On Friday we attended our last Reading Recovery Ongoing Professional Learning session for the year. We discussed some research that had looked into the differences between a group of Reading Recovery students who had demonstrated fast progress in writing and the students who had made slower progress over the same amount of time.
Interestingly, the students who made the faster progress by the end of the study were not always the students who knew the most about writing at the beginning of the study.
A main difference was that the students who had made the faster progress often reread their writing as they were producing it. Rereading seemed to help them to work out what the next word(s) should be in order to make sense, and to continue the thought. They did not need to be prompted to recall what they had originally intended to write. They were also easily able to add or change words ‘on the run’ to contribute to the original idea.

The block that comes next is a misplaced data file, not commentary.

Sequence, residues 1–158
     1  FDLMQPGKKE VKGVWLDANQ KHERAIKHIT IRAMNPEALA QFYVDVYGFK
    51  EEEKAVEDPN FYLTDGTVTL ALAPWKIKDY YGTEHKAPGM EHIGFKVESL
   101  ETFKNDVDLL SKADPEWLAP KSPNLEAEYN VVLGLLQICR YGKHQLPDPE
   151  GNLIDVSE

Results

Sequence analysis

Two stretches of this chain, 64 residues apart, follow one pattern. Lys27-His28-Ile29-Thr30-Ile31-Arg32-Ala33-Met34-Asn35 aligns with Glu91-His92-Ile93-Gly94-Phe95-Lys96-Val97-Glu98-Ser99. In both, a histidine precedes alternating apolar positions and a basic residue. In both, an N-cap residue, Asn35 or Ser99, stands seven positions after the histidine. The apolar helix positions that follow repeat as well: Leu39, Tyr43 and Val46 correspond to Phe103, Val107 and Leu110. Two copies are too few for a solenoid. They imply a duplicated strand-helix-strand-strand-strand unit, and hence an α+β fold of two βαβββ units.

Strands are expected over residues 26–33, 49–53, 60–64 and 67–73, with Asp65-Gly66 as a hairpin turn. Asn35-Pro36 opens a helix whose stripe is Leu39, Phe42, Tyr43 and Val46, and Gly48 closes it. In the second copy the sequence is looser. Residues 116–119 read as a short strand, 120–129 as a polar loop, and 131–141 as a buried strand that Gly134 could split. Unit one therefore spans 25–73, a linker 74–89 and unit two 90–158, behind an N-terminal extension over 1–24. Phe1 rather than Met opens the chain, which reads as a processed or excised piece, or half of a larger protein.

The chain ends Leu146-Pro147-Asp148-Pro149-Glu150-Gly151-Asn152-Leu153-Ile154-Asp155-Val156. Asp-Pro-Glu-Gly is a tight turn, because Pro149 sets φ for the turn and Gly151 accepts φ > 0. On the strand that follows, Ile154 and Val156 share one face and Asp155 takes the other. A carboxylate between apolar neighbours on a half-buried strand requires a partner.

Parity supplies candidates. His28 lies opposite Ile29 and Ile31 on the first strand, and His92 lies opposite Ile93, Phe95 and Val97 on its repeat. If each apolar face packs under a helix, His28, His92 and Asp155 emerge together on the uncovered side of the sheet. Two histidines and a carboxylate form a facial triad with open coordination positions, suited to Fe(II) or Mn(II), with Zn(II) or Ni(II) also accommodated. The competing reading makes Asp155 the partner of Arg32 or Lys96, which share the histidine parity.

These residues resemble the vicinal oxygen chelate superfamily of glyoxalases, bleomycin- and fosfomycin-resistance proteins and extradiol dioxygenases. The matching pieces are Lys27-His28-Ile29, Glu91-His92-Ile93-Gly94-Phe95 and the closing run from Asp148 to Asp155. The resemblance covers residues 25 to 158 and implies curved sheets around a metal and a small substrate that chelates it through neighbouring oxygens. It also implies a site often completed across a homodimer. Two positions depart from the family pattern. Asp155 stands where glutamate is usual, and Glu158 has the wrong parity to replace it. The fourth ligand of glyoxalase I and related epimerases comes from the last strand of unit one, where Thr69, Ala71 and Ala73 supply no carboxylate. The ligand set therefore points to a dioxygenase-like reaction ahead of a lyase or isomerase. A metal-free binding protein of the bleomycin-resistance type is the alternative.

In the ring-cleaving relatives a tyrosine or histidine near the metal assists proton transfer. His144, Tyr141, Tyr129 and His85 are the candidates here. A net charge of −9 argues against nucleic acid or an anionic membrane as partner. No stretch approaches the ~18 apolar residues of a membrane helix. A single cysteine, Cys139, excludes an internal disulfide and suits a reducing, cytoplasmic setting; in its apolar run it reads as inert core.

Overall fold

As well as rereading, the students who made the faster progress could often be heard saying the next word(s) or the beginning sound(s) of the next word. (My friend Colby stayed at my house for a s / sl (sleepover). They were more likely to say the parts of the word as they wrote them (sl-ee-p-ov-er) and checked themselves and made changes if they were not happy with the look of the words (slipova – sleepova – sleepover).
We all reflected on our teaching. Were we letting our students become more independent, or were we doing too much of the thinking, checking and problem solving for them (i.e. holding them back)? I am going to make sure that I give my students every opportunity to reread, check, and help themselves before I intervene with their writing in order to promote faster progress.